YORK — As the Charlotte Knights prepare to leave their Fort Mill-area baseball stadium after next season, York County staff members have formed a committee to explore what might become of the 33 acres now home to a parking lot and 10,000-seat stadium.
County Manager Jim Baker said the six-member committee will meet Sept. 27 for a tour of the stadium and subsequent public meetings will take place over the next year and a half.
Baker said the committee will make recommendations to the County Council on what could be done with the stadium property.
Council member David Bowman from District One, where the stadium is located will serve on the committee alongside Council Chairman Britt Blackwell and others on county staff and in the business community.
If elected to the county council Nov. 6, Fort Mill school board member Michael Johnson would take over Bowmans seat on the Knights Stadium panel, Baker said. Johnson ran unopposed in the June Republican primary for the council seat and only a majority win through write-in votes would dash his hopes for office.
After the Knights announced in 2007 they would return to Charlotte to play in a new downtown stadium, the county received some interest from developers about the property. The Knights, the AAA affiliate of the Chicago White Sox, have been leasing the land from York County for $1 a year for the past 24 years.
As part of the lease terms, the team shares revenue from the parking lot with the county. The lease requires the Knights to double their parking revenue contribution to the county in their final year in Fort Mill which will be about $225,000 in 2013.
In June, Baker said the county intends to use some of that parking revenue to determine what to do with the property after the baseball team leaves.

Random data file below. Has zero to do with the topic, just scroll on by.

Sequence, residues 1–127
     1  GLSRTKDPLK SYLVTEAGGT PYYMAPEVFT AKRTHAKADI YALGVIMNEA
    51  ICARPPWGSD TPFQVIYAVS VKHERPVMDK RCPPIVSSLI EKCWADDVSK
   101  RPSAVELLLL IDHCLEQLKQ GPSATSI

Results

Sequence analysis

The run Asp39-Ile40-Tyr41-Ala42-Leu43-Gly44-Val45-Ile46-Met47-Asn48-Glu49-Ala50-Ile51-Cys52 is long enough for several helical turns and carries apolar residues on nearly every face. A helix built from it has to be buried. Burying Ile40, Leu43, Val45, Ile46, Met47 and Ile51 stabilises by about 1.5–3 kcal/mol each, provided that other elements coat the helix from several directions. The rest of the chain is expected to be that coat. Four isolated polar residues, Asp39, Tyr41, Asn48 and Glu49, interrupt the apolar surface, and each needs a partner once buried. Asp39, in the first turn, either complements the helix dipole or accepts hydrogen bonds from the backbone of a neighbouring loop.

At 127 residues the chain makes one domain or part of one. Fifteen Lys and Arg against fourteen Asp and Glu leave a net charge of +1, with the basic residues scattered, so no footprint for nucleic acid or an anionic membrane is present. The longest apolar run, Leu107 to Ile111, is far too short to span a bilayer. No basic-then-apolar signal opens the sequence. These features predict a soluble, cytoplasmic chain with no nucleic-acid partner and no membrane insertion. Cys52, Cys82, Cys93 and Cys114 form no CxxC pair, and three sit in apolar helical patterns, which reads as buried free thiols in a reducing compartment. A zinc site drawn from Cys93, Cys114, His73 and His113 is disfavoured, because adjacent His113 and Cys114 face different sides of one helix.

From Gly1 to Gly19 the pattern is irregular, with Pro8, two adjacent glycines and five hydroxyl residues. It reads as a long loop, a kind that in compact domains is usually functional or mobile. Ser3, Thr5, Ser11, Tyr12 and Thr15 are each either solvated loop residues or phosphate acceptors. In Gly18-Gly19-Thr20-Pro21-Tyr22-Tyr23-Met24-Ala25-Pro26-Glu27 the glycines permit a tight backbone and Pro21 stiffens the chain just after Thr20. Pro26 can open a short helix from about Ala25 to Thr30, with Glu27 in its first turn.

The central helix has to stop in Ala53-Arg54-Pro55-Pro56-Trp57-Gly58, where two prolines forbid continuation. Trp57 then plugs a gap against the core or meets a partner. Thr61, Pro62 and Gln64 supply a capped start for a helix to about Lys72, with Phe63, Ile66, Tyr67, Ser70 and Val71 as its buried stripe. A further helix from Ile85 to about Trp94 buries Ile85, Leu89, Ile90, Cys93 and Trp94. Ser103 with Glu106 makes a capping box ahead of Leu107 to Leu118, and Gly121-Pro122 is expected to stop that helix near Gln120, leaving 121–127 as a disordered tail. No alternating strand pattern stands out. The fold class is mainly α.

Public defenders office
In other meeting business, the council voted unanimously to create another entry level attorney position for the circuit courts public defenders office. The attorneys salary will be paid for through $100,356 in new funding from the state Legislature, said Harry Dest, a public defender for the 16th Circuit.
More than $67,000 of that total is a recurring budget appropriation, Dest said, for defense of criminal domestic violence cases. The remaining part comes from increased funding because of growth in the county determined by updated census data from 2010.
Bowman and Blackwell voiced concern at the meeting that if that state funding goes away, it could put a new burden on local taxpayers.
"I don't think there's any county that's more supportive of the public defender's office than York County," Dest said. "If I felt that the money would not be there next year, I would not be before you today."
Blackwell added that the public defenders reputation in York County makes it easy to support funding for more staff and supporting their work. Public defenders handle 76 percent of criminal cases in York County, Dest said.
Lake Wylie ordinance
The council also passed through first reading an ordinance amendment to restrict the color and design of business signs and the color of commercial buildings in parts of the Lake Wylie area.
Bruce Henderson, whose district includes the Lake Wylie area, said the council needs to consider regulation when the color or design of a business affects other business ability to operate successfully or negatively impacts the value of homes nearby.
Council member Eric Winstead said the council would be taking the first step down a long, dark road if it started regulating those features based on one person or a group of peoples opinion. Winstead was the only dissenting vote on the ordinance amendments first reading.
Building features that are effective in grabbing attention is one way businesses survive, Winstead said.
If people in Lake Wylie are taking note of businesses that are painted unusual colors, he said, then the building is doing its job.
If you dont like it, dont look at it.
Anna Douglas 803-329-4068